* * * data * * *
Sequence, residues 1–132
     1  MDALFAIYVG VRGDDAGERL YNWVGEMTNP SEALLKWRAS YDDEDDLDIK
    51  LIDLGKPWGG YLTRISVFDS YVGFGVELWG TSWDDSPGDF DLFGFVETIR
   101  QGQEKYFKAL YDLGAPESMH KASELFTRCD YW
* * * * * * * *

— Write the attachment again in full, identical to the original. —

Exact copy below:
Sequence, residues 1–132
     1  MDALFAIYVG VRGDDAGERL YNWVGEMTNP SEALLKWRAS YDDEDDLDIK
    51  LIDLGKPWGG YLTRISVFDS YVGFGVELWG TSWDDSPGDF DLFGFVETIR
   101  QGQEKYFKAL YDLGAPESMH KASELFTRCD YW